Denver marijuana cultivator Organic Greens was shot down in court on Friday by a district court judge who sided with the city after the grower tried to overturn a hold order issued by the city that prohibited the company from selling marijuana that had been treated with a certain pesticide.
The company had been forced in March by the city’s Department of Environmental Health to quarantine between 15 and 20 pounds of cannabis after the agency found that the company had used the fungicide Eagle 20 on the plants. Organic Greens fought back, arguing that the pesticide was used safely, but lost on Friday when Judge John Madden ruled in favor of the city.
The ruling means there’s no word on when Organic Greens may be able to legally sell the plants that were put under the hold order.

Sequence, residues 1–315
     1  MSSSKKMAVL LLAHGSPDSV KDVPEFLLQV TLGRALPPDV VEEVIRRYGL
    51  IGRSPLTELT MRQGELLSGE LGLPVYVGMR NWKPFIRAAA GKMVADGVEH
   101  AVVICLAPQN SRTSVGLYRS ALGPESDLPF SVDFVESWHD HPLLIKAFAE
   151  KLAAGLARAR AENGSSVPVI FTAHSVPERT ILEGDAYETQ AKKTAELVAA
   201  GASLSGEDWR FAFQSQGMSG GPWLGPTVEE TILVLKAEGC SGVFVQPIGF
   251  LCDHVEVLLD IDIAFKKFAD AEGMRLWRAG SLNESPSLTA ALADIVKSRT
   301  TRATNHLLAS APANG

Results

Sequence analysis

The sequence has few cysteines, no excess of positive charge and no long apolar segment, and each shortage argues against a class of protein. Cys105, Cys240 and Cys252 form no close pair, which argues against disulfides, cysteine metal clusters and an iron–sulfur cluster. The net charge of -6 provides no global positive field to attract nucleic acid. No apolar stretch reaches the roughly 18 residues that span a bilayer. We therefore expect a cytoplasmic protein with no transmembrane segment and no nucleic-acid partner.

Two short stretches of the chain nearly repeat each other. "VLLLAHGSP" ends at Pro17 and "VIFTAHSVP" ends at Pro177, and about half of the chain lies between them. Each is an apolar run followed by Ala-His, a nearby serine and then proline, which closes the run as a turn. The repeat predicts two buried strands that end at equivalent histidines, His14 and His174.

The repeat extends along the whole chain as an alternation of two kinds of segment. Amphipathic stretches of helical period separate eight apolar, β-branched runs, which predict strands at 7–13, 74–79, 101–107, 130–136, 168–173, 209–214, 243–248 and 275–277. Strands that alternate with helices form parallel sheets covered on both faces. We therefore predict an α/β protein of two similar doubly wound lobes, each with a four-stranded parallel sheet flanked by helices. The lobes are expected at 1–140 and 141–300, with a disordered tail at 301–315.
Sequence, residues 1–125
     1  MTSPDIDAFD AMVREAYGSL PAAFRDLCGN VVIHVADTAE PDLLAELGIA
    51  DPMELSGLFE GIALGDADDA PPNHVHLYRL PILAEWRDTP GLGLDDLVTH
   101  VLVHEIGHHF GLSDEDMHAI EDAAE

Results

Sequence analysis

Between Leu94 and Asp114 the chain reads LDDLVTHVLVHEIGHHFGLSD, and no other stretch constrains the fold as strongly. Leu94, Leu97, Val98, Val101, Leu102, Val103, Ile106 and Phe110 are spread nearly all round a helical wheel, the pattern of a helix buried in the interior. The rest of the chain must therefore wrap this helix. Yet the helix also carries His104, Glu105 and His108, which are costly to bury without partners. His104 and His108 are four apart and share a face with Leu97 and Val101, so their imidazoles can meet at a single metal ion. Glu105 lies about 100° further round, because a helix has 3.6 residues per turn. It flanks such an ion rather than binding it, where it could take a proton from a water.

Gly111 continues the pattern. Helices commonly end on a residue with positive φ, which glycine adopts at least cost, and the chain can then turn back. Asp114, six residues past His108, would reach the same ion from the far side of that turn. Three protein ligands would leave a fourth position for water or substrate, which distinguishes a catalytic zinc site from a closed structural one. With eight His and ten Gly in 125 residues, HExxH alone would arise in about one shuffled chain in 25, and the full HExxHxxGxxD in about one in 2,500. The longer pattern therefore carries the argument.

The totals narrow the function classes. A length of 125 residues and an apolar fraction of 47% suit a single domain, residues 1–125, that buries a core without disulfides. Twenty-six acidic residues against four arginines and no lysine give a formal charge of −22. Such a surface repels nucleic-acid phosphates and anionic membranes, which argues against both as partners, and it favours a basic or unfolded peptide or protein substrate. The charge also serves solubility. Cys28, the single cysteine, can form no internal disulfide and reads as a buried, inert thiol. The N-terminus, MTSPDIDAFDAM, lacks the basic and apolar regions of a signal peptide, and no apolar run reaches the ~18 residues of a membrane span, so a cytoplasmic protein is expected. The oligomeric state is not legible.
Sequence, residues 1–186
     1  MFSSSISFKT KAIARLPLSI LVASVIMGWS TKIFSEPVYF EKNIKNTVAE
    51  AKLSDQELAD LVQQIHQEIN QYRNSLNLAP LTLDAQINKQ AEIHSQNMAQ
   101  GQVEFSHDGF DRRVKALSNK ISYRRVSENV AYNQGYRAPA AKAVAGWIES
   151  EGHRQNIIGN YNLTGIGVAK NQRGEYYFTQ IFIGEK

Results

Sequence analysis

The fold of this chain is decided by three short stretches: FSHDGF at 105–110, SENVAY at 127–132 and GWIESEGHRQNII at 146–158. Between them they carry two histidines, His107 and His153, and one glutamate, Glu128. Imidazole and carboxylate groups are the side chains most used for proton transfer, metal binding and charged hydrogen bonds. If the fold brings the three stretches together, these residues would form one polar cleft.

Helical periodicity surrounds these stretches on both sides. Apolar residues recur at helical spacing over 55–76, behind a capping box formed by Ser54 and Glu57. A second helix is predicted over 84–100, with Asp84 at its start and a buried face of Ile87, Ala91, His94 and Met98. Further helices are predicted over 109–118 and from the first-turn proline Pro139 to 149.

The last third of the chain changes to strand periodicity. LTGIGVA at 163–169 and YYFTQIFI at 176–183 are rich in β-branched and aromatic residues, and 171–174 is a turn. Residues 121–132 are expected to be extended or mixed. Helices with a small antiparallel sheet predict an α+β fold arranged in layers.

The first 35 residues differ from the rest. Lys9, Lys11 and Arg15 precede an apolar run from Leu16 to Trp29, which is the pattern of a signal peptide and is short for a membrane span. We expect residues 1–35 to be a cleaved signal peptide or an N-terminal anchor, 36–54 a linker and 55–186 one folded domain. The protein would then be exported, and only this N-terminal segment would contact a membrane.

Organic Greens is among at least 10 Denver cannabis growers who were issued hold orders for tens of thousands of plants in March and April amid growing concerns from both the city and the state Department of Agriculture. Some have voluntarily destroyed the crops in question, while others have been waiting to see if they’ll be allowed to harvest and sell the plants.
Questions over pesticide use have been a burgeoning issue in the retail cannabis world, with little guidance from either local, state or federal regulators on which pesticides are permitted and which are not.